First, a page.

My baby sister... quite possibly the cutest baby I've seen in my whole life

 

kitchen!

 

my new best friends

 

wtf??

 

 


Pre Service Training

Hello,

 

Tomorrow I’m getting sworn in as a Peace Corps volunteer!!!!!!!!!!!!

 

Even though I hate emo blogs, I’m feeling sappy now that training is over. Thus, I’m going to write a semi-long post to try and describe the past two months. Obviously there’s no way I could ever begin to relate everything; it would have been nice if I consistently updated my blog so that I wouldn’t have to write a 130,497 paragraph post  when I should be packing– but alas! I didn’t.

 

So, to start with my friends…

 

I found some amazing ones: There’s Claire, who wears J. Crew and loves theme parties… Mo who is my music soul mate and nearly cried today when she saw giraffes… Chris, who asks a lot of “would you rather” questions and throws rocks at dogs… Matt, who is my partner in crime for everything rebellious I’ve done here… Allison, who is from Vegas and is the reincarnation of Travel Maggie (if you don’t know who that is, go to France)… and Laine, who can sing every word to several Nicki Minaj songs and is nice to everyone.  Anyway, I can’t explain everything about everyone I love, but there’s a brief summary. Most of them are at least a days-worth of hitch hiking away from my site, so I feel like I’m leaving for Africa all over again! Saying goodbye tomorrow is going to be really hard.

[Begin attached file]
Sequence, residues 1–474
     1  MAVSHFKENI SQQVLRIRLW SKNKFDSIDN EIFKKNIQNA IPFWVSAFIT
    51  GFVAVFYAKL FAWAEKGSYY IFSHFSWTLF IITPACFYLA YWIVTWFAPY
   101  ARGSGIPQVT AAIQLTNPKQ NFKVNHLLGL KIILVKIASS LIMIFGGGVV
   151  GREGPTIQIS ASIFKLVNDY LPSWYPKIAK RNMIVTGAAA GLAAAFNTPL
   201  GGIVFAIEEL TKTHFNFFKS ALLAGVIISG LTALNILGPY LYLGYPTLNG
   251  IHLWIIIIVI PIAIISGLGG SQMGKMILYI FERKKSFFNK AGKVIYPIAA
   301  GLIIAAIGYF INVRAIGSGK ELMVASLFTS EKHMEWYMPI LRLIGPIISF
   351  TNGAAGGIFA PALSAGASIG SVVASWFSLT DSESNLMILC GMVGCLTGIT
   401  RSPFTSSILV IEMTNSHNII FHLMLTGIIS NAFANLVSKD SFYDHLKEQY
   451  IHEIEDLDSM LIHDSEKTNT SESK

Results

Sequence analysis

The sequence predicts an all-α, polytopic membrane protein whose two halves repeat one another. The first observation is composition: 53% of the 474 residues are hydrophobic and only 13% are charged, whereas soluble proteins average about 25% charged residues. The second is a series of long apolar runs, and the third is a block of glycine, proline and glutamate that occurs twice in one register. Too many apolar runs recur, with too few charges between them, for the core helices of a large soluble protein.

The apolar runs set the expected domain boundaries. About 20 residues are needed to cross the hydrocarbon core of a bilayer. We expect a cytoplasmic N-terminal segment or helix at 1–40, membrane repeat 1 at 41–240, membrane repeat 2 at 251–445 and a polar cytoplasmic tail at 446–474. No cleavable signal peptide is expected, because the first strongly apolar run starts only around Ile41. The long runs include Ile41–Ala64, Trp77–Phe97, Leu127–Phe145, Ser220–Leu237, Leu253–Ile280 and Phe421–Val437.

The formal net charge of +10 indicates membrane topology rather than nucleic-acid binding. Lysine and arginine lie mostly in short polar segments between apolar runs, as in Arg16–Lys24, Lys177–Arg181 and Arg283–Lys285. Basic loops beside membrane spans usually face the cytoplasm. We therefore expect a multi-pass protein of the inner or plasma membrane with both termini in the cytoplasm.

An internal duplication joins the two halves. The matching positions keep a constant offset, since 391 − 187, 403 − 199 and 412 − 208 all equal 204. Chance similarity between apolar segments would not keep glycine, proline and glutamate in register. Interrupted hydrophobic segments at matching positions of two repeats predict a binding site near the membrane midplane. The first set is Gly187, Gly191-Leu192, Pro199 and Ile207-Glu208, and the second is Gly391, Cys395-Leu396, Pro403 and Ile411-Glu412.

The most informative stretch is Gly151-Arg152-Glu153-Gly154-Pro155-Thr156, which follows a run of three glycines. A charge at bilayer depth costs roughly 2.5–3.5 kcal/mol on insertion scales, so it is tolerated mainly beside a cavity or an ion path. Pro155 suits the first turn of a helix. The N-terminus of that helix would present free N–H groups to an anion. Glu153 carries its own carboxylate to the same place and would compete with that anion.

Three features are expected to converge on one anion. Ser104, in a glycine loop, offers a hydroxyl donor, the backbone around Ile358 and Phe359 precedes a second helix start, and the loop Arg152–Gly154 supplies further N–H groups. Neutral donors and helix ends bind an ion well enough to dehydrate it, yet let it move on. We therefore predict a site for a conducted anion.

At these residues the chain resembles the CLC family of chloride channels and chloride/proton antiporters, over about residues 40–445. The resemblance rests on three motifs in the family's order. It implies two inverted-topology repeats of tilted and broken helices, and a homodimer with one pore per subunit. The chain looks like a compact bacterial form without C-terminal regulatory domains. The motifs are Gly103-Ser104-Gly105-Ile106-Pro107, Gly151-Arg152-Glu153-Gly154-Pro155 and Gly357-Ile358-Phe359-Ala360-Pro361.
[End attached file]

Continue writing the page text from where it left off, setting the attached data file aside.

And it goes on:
As for the group as a whole: it’s awesome. We’re the first group in many years that hasn’t had someone leave after seeing their site. We’re being sworn in with all 38 members who came into the country 2 months ago. According to our trainers, we’re the best dressed, have the most positive attitudes, and exceed their expectations in language. We really do feed off of each others’ positive energy, and that has made training way easier.